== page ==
Tuesday’s sacking of Canal Plus founder Pierre Lescure by Jean-Marie Messier, chief executive of Vivendi Universal [WAMN: 17-Apr-02], has not only stirred up the proverbial hornet’s nest – it has brought the equally proverbial Paris mob to the locked gates of the media mogul’s corporate headquarters.

Canal Plus employees baying for his head thronged the Vivendi bastion, sited nearby the Arc de Triomphe, chanting: “Messier, resign. Lescure for president.” Threatened one irate staffer: "Canal Plus is Pierre Lescure. If Pierre goes down, we'll take Messier down with him.”

Other revolutionaries rallying to the flag of Lescure include movie legend Catherine Deneuve, Hollywood’s Johnny Depp and film director David Lynch, the latter likening Messier and Vivendi to McDonald’s: “We're entering an era of standardisation and mass production of films,” he warned, while Lescure himself attacked “Jean-Marie's pathological egotism”.

Ignoring the baying of the mob, within the cloistered calm of Chateau Vivendi the board of Canal Plus, Vivendi's lossmaking pay-TV unit, was obediently endorsing Messier's decision to guillotine Lescure - seen by many of his compatriots as the white knight of Gaul, guarding the broadcaster from the forces of crass commercialism, the sole guarantor of the station’s independence and its commitment to the French film industry.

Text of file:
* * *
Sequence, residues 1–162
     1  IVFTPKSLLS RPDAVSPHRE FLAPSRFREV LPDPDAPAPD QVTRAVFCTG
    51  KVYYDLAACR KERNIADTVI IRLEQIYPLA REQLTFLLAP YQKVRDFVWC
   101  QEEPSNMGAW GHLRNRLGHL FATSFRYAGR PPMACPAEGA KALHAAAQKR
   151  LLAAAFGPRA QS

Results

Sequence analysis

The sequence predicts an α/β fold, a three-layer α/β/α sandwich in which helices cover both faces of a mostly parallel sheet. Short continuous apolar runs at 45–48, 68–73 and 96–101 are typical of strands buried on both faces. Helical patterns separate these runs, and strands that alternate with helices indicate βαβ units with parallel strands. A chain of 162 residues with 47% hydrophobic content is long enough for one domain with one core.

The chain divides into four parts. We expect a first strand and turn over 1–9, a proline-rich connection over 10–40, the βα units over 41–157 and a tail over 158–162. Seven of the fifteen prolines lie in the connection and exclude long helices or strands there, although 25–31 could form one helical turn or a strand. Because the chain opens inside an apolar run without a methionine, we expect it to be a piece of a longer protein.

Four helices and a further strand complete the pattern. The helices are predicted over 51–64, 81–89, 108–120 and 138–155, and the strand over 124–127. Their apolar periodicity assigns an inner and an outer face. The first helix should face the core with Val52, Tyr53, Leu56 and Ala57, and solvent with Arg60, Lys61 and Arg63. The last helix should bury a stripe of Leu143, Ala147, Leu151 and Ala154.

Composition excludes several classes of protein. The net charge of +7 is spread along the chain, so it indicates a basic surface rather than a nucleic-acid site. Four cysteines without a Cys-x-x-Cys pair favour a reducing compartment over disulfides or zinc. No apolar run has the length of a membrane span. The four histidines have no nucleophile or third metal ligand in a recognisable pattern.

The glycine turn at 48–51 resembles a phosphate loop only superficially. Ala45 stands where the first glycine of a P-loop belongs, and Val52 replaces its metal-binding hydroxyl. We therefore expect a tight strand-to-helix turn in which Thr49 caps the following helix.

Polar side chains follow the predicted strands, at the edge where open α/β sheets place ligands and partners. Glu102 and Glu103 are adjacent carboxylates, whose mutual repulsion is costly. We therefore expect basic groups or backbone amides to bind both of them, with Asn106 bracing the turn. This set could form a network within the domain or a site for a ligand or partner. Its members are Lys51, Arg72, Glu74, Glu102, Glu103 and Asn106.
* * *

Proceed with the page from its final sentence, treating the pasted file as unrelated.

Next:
The markets, however, march to a different drum and Vivendi shares rose sharply following the firing. The money manipulators see the move as Messier’s imposition of corporate authority over a unit that since its acquisition in 2000 has defied his jurisdiction and judgment.

As to the popular support for Lescure, one onlooker remarked: “The problem is that by moving his de facto headquarters to New York, Messier has lost France. It's as fundamental as that.”

Data sourced from: Financial Times; additional content by WARC staff